User Experience Research

Lessons I’ve learned developing, integrating & managing a user experience research program in a B2B digital technology company

“Good timber does not grow with ease” — Malloch

In my experience, product and executive teams want to push for user-driven designs and business decisions, however, in practice, it is challenging to implement. In a 2017 User Testing report, “81% of the executives surveyed said user research helps make their company more efficient. A further 86% said that user research improves the condition of their products and services.”

In this article, I discuss three topics that have the potential (when approached incorrectly) to undermine your efforts integrating user experience research into an existing design-process. These topics are:

  1. Research-related disruption
  2. Resistance to change &
  3. The importance of resourcefulness

1. Expect to bring about disruption.

Yes, you might enter an existing work process not quite ready for a user experience researcher.

You might welcome a user experience designer to collaborate with you regarding their task-related concerns. As a result of the collaboration, you might conclude a unique study is required. The proposed research might uncover actionable insights, which the designer might implement to better their design deliverable. In such a case, you have intentionally introduced research between the user experience designer and the user interface designer (the person who is meant to be next in line in the work process). You have disrupted a familiar work process in the hopes of ensuring quality deliverables. Given this disruption, how do you best navigate it?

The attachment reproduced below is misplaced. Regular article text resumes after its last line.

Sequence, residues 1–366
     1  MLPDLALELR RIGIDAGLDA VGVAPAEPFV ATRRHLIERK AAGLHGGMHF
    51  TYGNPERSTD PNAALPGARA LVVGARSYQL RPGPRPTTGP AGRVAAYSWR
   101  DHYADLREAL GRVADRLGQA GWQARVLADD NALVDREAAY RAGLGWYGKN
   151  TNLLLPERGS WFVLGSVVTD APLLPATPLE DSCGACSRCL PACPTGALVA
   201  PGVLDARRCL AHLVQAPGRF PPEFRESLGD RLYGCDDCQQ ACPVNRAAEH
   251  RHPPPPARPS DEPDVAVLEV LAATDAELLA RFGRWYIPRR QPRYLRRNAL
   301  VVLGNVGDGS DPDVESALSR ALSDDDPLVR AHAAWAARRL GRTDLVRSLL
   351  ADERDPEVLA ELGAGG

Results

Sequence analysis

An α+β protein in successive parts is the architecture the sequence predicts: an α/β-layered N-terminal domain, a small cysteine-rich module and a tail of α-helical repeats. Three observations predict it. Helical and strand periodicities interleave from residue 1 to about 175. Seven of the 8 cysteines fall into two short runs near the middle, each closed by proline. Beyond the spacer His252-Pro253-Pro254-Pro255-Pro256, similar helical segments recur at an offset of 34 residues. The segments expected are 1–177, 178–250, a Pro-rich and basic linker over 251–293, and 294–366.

Process & potential solutions.

The mindset. In his talk, entitled, “People, Products and Jetlag: Creativity Through Empathy” Google’s Jens Riegelsberger discusses the importance of empathy in user research (see here). He states, “Measure what counts — not just what you can count.” The spirit of this particular statement resonated with me and is central to how I approach research. Prior to proposing research, I’ve learned to run empathy-driven collaborative sessions. I’ve experienced three positive outcomes as a result of taking a collaborative approach.

  • First, you will accurately measure what counts, and in turn, will offer high-quality actionable insights to your team.
  • Second, when disruption occurs (as a result of research) your team will be more likely to welcome it.
  • Lastly, as a result of actively involving team members in empathy-driven collaborations, there is significantly less resistance from their part (than there would be otherwise).

The know-how. A prerequisite to a successful integration of a research process (into an existing design process) is direct experience with all research steps. In general, there are three phases involved in research (diagram below):

  1. Planning
  2. Execution &
  3. Reporting

In the planning stage, you will have to consider the following five key steps:

  1. Have we defined the problem statement?
  2. Have we conducted a needs analysis?
  3. Have we examined historical data?
  4. Have we stated a priori expectations?
  5. Have we agreed upon a research design?

During execution, you will have to consider the following four key steps: